Germany’s huge trade surplus narrowed in May, but not by an amount likely to mollify critics in the US and elsewhere.
The balance of trade in goods showed a surplus of €19.7 billion, down from the €21.8 billion surplus seen in May 2017, according to the statistics office Destatis.
German exports declined by 1.3% compared with results seen in May 2017, while imports increased by 0.8%.
Deficits on services and investment income
The balance of trade Germany ran with other member-states of the European Union was still strongly in surplus, with exports of €65.7 billion and imports of $51.8 billion. Compared with May 2017, exports were 2.4% higher and imports were up 2.9%.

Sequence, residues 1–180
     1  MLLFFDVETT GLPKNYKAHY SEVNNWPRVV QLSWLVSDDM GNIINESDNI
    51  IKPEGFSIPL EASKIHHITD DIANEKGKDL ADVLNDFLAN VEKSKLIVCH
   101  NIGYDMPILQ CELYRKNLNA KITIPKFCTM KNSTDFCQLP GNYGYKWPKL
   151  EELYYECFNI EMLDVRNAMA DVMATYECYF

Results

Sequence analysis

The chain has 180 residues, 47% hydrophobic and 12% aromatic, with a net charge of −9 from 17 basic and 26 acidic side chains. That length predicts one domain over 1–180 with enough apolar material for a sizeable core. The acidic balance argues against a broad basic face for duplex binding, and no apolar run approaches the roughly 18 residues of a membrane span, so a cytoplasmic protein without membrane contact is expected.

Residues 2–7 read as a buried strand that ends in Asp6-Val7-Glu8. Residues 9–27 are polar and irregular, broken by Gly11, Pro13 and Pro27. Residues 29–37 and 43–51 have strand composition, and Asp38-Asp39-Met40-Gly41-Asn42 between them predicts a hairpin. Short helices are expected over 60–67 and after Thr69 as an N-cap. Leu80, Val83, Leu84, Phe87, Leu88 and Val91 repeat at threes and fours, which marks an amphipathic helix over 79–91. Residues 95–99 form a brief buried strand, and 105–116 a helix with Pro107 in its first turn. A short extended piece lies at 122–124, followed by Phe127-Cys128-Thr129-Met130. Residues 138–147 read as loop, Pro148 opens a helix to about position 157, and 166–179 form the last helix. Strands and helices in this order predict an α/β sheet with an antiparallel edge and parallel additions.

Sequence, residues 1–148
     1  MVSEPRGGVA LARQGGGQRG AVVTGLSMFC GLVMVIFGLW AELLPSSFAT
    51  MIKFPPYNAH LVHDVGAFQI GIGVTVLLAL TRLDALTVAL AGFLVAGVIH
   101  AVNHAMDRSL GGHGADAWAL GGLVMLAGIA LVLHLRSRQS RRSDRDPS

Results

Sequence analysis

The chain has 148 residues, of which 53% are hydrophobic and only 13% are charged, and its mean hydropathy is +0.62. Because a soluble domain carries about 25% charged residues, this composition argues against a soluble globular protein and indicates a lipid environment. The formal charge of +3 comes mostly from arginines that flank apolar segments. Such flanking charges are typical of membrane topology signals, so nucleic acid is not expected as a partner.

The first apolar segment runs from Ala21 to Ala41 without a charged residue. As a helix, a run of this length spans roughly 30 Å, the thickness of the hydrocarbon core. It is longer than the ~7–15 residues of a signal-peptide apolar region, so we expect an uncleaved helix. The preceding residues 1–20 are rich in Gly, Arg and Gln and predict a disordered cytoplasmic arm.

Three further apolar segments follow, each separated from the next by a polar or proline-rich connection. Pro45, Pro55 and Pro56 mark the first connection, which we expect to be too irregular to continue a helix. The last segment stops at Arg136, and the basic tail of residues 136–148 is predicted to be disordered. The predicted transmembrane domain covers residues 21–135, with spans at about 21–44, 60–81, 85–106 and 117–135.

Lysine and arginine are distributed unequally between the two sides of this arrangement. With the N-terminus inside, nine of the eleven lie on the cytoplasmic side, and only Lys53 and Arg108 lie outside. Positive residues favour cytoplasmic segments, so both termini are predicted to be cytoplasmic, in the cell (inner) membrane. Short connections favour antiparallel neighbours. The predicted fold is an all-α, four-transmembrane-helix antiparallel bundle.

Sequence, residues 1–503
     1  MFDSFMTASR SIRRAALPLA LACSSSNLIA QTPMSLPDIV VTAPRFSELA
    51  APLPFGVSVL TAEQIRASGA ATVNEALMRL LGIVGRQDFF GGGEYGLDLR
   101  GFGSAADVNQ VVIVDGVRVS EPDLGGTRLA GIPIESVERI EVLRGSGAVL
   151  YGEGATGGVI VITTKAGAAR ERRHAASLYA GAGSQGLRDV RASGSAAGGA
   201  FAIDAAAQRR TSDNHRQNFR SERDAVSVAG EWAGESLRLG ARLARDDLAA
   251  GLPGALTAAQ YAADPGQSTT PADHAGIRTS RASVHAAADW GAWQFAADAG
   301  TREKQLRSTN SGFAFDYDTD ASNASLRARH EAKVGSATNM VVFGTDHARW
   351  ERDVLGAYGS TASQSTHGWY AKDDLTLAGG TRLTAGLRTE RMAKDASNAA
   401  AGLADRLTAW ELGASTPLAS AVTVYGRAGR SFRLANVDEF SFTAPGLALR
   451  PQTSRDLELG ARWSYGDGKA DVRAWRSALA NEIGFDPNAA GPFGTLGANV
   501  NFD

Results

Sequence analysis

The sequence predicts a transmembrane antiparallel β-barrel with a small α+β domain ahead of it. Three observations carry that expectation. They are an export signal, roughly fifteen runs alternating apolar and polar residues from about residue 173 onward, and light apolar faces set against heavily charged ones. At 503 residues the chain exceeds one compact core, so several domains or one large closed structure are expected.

Within that figure, exports to other euro area countries were up 0.1% at €40.8 billion while imports were 0.6% higher at €32.9 billion. Exports to EU members not in the single currency zone rose by 6.5% to €24.9 billion while imports rose by 7% to €16.9 billion.
Within that figure, there was a deficit of €1.6 billion in services and of €7.4 billion in investment income, meaning Germany paid out more to foreign investors than it earned on its foreign investments.
There was a surplus of €0.1 billion on financial transfers, which includes payments to and from international organisations and remittances of expatriate workers to their families.